However, Bochy added, “I still remember going to the hotel to check in when we got there. I had some money I was planning on using for my deposit for an apartment, and I lost that in the first hour. I said, ‘Well, I think I’ve learned that this gambling thing is not going to work.’ So my wife came in and bailed me out. We had to go find an apartment and get me away from the Strip.”
In late June, Bochy and Thurmond were recalled to the Padres, who were in the midst of a .500 season and not in playoff contention, and Hawkins and McReynolds were demoted to Las Vegas. McReynolds struggled during his first stint in the majors, but back in Las Vegas he regained his stroke and was homering on a seemingly daily basis, hitting seven in five games during one stretch in late July.
“The numbers he put up were pretty remarkable,” said Larry Brown, who was roommates with McReynolds in Las Vegas. “And he was a well-built guy, borderline husky, but he could fly and was a great defender in center field. And at the plate, his power alley was to right-center. He would turn on one (to left field) every once in a while, but his bombs were to center field and right-center. He was just a natural. Whenever we needed that big hit, Kevin came through.”
On July 29, the Stars got an unexpected boost to their lineup. Padres first baseman Steve Garvey dislocated his left thumb in the first game of a doubleheader against Atlanta and was placed on the disabled list. Upon seeing this, first baseman/outfielder Rick Lancellotti, who had played in Hawaii in 1982, offered up his services to Padres GM McKeon after having been released earlier in the season by both Montreal and Texas.
McKeon didn’t give Lancellotti the big league spot he was hoping for, but he offered the left-handed slugger a ticket to Las Vegas and it immediately paid dividends for all involved. Lancellotti hit a bases-loaded double in his debut with the Stars on Aug. 4 and hit the Stars’ first grand slam at Cashman the following night, an eighth-inning bomb onto the berm in right field in a 9-5 victory over Tucson. Then it was Lansford’s turn to torture the Toros as the powerful first baseman went 5-for-5 with three homers and eight RBIs in a 12-9 win. It was his second three-homer game of the season, following one against Phoenix on July 1.
The Stars briefly took the second-half division lead in early August, but the Albuquerque Dukes — the affiliate of the Los Angeles Dodgers — took six of the eight games between the teams in the second half, including three of four to close the Stars’ home schedule, and won 12 of 13 overall to earn the title, setting up a postseason showdown between the teams.
The best-of-5 series was a thriller in which the teams exchanged shots like boxers. McReynolds homered twice in the opener, but the Dukes lit up Stars pitching for three homers in a 12-8 Albuquerque win. In Game 2, Davis hit a three-run homer just over the outstretched glove of Dukes center fielder Ed Amelung to cap a five-run ninth inning and give the Stars a 12-11 victory after Albuquerque had rallied from a 7-2 deficit heading into the eighth inning to take an 11-7 lead.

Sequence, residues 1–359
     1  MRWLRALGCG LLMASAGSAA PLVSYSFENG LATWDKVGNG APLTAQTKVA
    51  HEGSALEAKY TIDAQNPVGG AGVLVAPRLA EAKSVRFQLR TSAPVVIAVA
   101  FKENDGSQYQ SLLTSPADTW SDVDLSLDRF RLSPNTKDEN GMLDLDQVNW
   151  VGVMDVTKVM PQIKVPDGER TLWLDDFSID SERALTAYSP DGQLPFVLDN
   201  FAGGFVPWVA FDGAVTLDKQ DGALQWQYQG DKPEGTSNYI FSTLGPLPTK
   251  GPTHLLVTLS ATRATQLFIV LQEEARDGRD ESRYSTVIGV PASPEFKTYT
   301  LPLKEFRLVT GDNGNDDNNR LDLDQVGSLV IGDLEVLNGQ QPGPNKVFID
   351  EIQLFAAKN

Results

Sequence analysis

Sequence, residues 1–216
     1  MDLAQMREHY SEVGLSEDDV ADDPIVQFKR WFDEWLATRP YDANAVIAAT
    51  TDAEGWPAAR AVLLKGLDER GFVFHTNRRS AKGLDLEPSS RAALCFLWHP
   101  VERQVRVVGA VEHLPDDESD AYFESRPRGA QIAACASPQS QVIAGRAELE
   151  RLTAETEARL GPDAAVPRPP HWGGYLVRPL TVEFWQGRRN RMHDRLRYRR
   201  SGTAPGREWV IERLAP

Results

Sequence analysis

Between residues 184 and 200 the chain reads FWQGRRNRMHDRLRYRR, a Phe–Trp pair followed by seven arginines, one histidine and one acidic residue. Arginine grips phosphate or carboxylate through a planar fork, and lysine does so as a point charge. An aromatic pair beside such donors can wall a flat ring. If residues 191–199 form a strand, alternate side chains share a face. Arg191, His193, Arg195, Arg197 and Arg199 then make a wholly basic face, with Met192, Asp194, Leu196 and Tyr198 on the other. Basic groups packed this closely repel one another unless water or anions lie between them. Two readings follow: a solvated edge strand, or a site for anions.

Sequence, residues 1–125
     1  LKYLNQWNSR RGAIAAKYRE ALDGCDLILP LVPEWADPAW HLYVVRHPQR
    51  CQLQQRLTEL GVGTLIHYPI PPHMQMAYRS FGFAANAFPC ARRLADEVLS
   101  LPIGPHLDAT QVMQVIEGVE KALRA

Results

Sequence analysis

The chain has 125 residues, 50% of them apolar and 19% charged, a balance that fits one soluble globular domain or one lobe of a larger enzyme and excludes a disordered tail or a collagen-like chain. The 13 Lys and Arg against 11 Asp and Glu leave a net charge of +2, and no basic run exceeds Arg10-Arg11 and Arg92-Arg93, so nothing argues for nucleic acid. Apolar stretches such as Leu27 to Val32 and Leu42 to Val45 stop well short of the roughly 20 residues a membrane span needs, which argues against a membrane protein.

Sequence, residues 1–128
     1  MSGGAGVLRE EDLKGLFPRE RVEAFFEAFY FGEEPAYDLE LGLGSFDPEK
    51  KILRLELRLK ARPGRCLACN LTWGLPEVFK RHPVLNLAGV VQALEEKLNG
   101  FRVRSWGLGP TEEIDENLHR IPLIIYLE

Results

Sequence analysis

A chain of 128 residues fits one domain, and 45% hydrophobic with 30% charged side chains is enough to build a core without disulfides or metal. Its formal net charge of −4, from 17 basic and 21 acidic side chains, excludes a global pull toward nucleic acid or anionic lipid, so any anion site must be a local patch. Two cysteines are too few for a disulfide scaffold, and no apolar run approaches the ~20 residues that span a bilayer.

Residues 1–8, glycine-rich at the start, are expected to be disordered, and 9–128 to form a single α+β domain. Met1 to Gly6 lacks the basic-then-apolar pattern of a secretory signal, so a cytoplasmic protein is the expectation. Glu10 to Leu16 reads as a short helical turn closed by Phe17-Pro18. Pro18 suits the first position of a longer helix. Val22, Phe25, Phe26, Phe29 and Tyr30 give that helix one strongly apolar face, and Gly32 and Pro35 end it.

In Game 3 at Albuquerque, McReynolds homered for the fourth time in the series, and Lansford and Lancellotti also homered as Steve Lubber pitched the Stars to a 14-4 win. The Dukes evened the series at 2-all the next night when Franklin Stubbs homered off Chiffer in the 10th inning to give Albuquerque a 5-4 triumph.
In the finale, McReynolds hit his sixth home run in five games, but it was all the Stars could muster and the Dukes won 4-1 to end the Stars’ magical first season. The new Las Vegas squad had succeeded wildly, compiling a record of 83-60 — still the third-best in franchise history. The excitement translated into a PCL-leading attendance of 4,878 fans per game (with a first-half average of more than 5,300) in a Las Vegas metropolitan area that had a population of just over 500,000 in 1983.
Many of the ’83 Stars ended up paying quick dividends with the parent club, as the Padres earned their first trip to the World Series in 1984. Gwynn won the first of his eight National League batting titles that year, and McReynolds became a fixture in center field until breaking his left wrist in the National League Championship Series. Bobby Brown played in place of McReynolds in the World Series, Thurmond took the mound to start Game 1 and Hawkins, Booker and Bochy also saw action as the Detroit Tigers defeated the Padres in five games.
The 1983 Stars were inducted into the Southern Nevada Sports Hall of Fame in 2007, not only for their success that inaugural season, but for the lasting impact they have had on bringing pro baseball to Las Vegas. Cashman Field would go on to host the 1990 Triple-A All-Star Game, as well as the short-lived Triple-A World Series from 1998-2000. And the Oakland Athletics played their first six games of the 1996 MLB regular season in Las Vegas while renovations at their stadium were completed. In 2001, the Stars became the Las Vegas 51s, and in 2019 they changed their name once again to the Aviators as they moved from Cashman to the new Las Vegas Ballpark.
“All of those building blocks led to the ability for professional sports to look to come to Las Vegas,” Ralenkotter says. “And look what’s happened: We have the Golden Knights, we have the Raiders, we have the Aces, talk of Major League Baseball, the NBA Summer League, more discussion about an NBA franchise here. Las Vegas has always been a can-do city and asked ‘How can we make that happen?’ And you can see that reflected in where we are today and where we’re going to go in the future. And baseball played a very important part in that.” ◆